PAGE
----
Why it Pays to be an Opportunistic Entrepreneur
There are visionary entrepreneurs and then there are opportunistic entrepreneurs. In rare cases, an entrepreneur will have both qualities. However, in the vast majority of cases, the entrepreneur gravitates toward one end of the spectrum.
And if you’re looking for the fastest track to success, the opportunistic side of things usually offers more predictable results.
What is Opportunistic Entrepreneurship?
While visionaries like Thomas Edison, Steve Jobs, and Elon Musk come to mind when most people think about entrepreneurs, the reality is that these individuals make up a tiny percentage of all entrepreneurs. With rare exceptions, your best bet is to be opportunistic.
Opportunistic entrepreneurship is all about taking what the market gives you. Rather than creating a brand new product category or coming up with some revolutionary technology, you simply identify existing gaps in the market and/or focus on hot trends as they emerge.
By leaning into the opportunities that exist, you can carve out your own niche much faster.
How to Be More Opportunistic
The great thing about opportunistic entrepreneurism is that you don’t have to reinvent the wheel or have some magical “aha” moment. You simply have to keep your eyes and ears open and be willing to take action.
Here are a few tips for being more opportunistic:
1. Put Yourself in New Situations
It’s difficult to identify opportunities when you’re stuck inside your comfort zone. When you do, see, watch, and read the same things day after day, you never cross paths with anything fresh, creative, or new. This means you think the same way and continue to recycle the same “opportunities” in your head over and over again.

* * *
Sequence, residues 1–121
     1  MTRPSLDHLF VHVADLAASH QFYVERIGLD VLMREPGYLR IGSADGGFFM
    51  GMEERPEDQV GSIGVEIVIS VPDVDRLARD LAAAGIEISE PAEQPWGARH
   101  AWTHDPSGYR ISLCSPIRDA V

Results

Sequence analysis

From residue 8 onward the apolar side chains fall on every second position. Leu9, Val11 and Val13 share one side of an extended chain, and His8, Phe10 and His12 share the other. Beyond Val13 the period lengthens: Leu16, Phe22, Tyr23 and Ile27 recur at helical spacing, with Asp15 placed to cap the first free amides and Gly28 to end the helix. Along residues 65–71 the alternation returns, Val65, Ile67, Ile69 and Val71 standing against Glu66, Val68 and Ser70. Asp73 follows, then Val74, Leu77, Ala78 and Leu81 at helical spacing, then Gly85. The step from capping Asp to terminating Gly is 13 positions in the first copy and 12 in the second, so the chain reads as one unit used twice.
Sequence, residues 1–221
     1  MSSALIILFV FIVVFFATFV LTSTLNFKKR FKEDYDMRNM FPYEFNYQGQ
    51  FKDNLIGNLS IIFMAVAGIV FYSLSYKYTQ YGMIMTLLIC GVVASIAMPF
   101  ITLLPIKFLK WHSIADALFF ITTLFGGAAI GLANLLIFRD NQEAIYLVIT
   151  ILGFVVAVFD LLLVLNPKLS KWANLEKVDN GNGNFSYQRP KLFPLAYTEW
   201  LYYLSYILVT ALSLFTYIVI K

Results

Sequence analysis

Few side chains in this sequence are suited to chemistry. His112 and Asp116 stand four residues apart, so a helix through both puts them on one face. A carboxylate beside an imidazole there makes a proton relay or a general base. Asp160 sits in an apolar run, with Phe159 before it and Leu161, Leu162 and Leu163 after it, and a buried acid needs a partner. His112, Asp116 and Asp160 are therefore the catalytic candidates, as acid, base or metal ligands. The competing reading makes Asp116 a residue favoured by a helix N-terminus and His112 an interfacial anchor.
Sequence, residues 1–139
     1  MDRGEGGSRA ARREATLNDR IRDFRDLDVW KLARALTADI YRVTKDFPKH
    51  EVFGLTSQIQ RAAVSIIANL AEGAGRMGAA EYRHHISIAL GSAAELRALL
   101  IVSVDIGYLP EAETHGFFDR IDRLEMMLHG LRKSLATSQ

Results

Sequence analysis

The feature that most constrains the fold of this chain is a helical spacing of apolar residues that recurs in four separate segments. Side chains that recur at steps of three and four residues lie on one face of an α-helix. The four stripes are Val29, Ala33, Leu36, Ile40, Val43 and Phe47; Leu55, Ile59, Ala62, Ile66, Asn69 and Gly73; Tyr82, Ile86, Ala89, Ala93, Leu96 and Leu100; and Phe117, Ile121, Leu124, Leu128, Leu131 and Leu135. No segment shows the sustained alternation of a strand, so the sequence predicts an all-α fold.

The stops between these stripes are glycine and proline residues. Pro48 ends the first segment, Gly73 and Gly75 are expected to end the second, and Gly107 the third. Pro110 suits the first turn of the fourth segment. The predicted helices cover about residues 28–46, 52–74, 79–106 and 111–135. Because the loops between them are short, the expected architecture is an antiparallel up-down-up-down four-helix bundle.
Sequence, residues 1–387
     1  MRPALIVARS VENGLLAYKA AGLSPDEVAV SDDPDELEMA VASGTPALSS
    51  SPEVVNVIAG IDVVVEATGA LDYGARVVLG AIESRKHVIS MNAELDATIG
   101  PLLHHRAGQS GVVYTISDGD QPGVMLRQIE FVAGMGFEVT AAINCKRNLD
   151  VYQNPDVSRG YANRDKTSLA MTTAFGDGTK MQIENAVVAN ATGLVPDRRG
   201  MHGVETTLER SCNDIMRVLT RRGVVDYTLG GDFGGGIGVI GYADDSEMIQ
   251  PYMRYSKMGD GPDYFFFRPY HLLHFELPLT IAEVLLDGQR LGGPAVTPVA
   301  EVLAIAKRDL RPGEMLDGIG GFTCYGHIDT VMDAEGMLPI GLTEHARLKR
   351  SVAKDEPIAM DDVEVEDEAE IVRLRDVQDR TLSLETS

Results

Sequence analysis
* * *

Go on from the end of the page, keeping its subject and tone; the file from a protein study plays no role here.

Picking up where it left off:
The key to being a more opportunistic entrepreneur is to constantly put yourself in new situations. Here are several ways to do this:
- Read more. If you study successful people, you’ll find that they read far more books than the average person. And in most cases, they’re reading non-fiction books. (One recent study shows the average CEO reads 60 books per year – i.e. a little over one book per week.) You don’t have to read that many books, but you should be reading at least a chapter or two per day to fill your mind with useful knowledge.
- Travel more. There’s something about travel that opens the mind up to creative ideas, thoughts, and opportunities. Not only will you see things through a fresh lens, but you may identify new opportunities that don’t currently exist in your geographical market.
- Network more. The third technique is to network more. You’re more likely to hear about new opportunities when you conversate with a variety of people outside of your immediate circle of influence. Local entrepreneurship groups, masterminds, and “investor clubs” are great for this.
If you spend more time reading, traveling, and networking (and less time watching Netflix and playing video games), you’ll have an endless supply of opportunities and ideas. Then it becomes a challenge of channeling your energy to pursue the right ones.
2. Look for “Latch On” Opportunities
Anytime there’s a new breakthrough technology or innovative discovery, good entrepreneurs will fixate on it. However, great entrepreneurs are skilled at looking around and identifying new “latch on” opportunities. In other words, they find the “sub” opportunities that the new technology or discovery has created and then build products and services to fill these new gaps.
Drvn is a great example. This company offers upscale cruise transportation between the port and the traveler’s airport, hotel, or home. Whenever a cruise liner makes a home in a particular port city, drvn identifies the location and then offers transportation to meet the need. That’s the definition of being opportunistic.
3. Progress Not Perfection
The final suggestion is to focus on progress over perfection. Once you find an opportunity, jump in head-first. (You can always perfect it later.)
“Take your first step and stop thinking about it so much. You have to embody the action-taker mindset and just do it,” entrepreneur Jared Goetz writes. “Generating any kind of movement is better than any type of paralysis.”
If you focus on progress instead of perfection, you’ll be further along than your peers who are still busy trying to create a plan of action.
Find Your Path
Being opportunistic requires you to be both patient and proactive at the same time. You have to be patient in the sense that you can’t force things. (Wait for the marketplace to show you the way.) However, you also have to be proactive. When you see an opportunity, the wait is over. The entrepreneur who is quickest is often is the most successful.